3D Systems progress
Ville has been active again, and submitted updates for a number of 3D systems in MAME, improving the graphics in GTI Club for example. Mooglyguy has also been working on N64 MESS side trying to squeeze a bit more performance out of the drivers. This has had benefits MAME side with a number of Aleck64 games now booting and/or running faster. Sadly for a lot of these systems things are still out of the performance envelope for current PCs and considering we’re at least 10-20x slower than things like Demul, which is already getting a public roasting for being too slow because you require a modest PC to get 60fps on Dreamcast games and lacking artificial enhancements I have a feeling that 3d in MAME is never going to be well received or accepted.
As shown on the previous updates here there has been a fair amount of progress with Deco Cassettes, and they can once again be dumped safely, although all that needs saying has been said already :-) Probably the highlight of the last few months this one.
New games / clones
Not a great deal to write home about here. A couple of new Korean games showed up and were working, including the now legendary Boonga Boonga / Spank ‘Em although from an emulation point of view that isn’t very interesting, just running on an already emulated Hyperstone platform. Gameplay wise it isn’t very interesting either, it’s not much more than a gambling game where you can win medals at the discretion of the machine. 2 Semicom titles were added, and while I’m usually enthusiastic about these both are very generic, and not too interesting. There was Toyland Adventure, which is a ‘clear the screen’ game in the vein of Tumble Pop etc. but offers nothing new in terms of gameplay while suffering from frustrating controls and slow-paced action. There’s also Diet Family, which is a Galaga style shooter on ‘cute’ scrolling backgrounds but also lacks any distinguishing features or polish. Compared to their other Hyperstone titles such as Wyvern Wings and Mr. Kicker these are both very poor efforts.
Some clones showed up, the most recent revisions of the 2 Jojo games on CPS3 are now supported (although the most recent revisions of the first 2 Street Fighter 3 games still remain unsourced)
The unlicensed NeoGeo title ‘Super Bubble Pop’ was added, but controls for P1 are non-functional (possibly protection, although Player 2 controls work fine) Game seems to be rather buggy, so might just be bad code which out emulation is sensitive to.
A whole bunch of non-working sets were also added, but with no devs showing a real interest in actually emulating these things, combined with them being relatively modern systems I can’t really see those additions coming to much.
Under the hood Changes
Aaron rewrote a whole bunch of core code as usual, end-user benefits are non-existent tho, so not much to write about here. From a code perspective things probably became a bit more complex, requiring extra attention to be paid to bitmap modes and such but assuming there are no remaining bugs there’s nothing a regular end user should notice from any of these changes. (Some people have reported less lag in the odd shooter, but I have a feeling this is more to do with games getting slightly broken due to adjusted timings, and sprites no longer buffering at the same point in time)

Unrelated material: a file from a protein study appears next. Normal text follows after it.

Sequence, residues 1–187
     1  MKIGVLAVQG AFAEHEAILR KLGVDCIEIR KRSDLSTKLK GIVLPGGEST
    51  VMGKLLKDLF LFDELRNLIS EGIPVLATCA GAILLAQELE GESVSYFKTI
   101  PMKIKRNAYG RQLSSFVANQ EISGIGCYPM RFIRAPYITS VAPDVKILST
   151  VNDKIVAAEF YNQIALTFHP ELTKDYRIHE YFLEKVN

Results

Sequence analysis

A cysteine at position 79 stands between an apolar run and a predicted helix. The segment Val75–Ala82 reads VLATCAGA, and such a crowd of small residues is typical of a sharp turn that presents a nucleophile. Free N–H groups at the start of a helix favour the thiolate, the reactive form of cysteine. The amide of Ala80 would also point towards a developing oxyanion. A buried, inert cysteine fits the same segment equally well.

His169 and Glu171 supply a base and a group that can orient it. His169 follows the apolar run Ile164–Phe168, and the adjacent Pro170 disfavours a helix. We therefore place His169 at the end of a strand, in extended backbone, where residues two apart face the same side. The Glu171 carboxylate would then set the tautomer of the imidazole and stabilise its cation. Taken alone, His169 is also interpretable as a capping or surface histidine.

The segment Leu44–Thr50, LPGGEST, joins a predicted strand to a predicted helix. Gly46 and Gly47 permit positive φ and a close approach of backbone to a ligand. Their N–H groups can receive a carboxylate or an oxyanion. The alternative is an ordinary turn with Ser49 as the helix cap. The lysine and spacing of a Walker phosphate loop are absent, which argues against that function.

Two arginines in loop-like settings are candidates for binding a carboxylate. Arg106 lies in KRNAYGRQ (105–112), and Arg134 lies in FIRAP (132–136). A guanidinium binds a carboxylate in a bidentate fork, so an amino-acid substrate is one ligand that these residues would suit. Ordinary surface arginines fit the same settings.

Lots of rom renaming, documentation fixes, things like that.. Kale stripped out the remaining deprecat.h usage in December (although I believe one or two things are still broken from that)
I optimized the PGM video code a bit, Sliver uses libJpeg to decode it’s bitmaps, and a couple of minor changes were made here and there. The last few days have seen preliminary Votrax support from OG/LN etc. go in which will eventually be used for Gorf etc. (not yet anywhere near the quality of distinguishable speech, so disabled) I also finished off converting some Data East drivers to use the sprite devices I added, adding support for bootleg variations at the same time, but that’s nothing really significant.
But… that’s about it off the top of my head, no decap news on the more interesting targets (Taito C-Chip, Toaplan sound MCUs) (actually no decap news at all) No progress on things like System 10 (which surprises me) No progress on Seibu (which surprises me less) Very little in the realm of long term broken games being fixed. No improvements to discrete emulation / games getting discrete sound systems emulated which is usually something done in the Winter months. I’m probably as guilty as anybody for spending the last 3 months focusing on tasks not directly related to the emulation (the 7-zip for example) but it remains worrying / disappointing especially in what is traditionally quite a busy period.
On the MESS / Console side Byuu is on the verge or emulating the final SNES co-processor after extracting the ROM from it (which would be a landmark achievement) but aside the recent x86 progress it’s been unusually quiet there too, some 68k fixes for the ‘NExT’ emulation and some obscure systems booting, and the previously mentioned N64 improvements but otherwise very little progress on the staple systems, although I do hope to resolve that by adding NeoGeo CD support sometime soon. At least with MESS there is a clear steady flow of improvements to drivers, old and new and the 3rd party contributions are encouraging showing a willingness to tackle difficult tasks like the x86 emulation head-on unlike MAME where even simple drivers seem to be left untouched with people almost afraid to even try when it comes to making progress.
Hopefully this year won’t see a dramatic drop-off of interesting contributions after this Winter period as has happened some years, because if it does we’re likely to be faced with nearly no development occurring at all.
Remember these projects are the result of hundreds of thousands hours work by people, all done for free. Continued code contributions ARE needed to keep it going. Don’t be selfish by assuming somebody else will do the work just because your favorite systems / games are already emulated, or it doesn’t matter because there is another emulator already doing a better job. If I’d taken that attitude you probably wouldn’t have the likes of CPS3….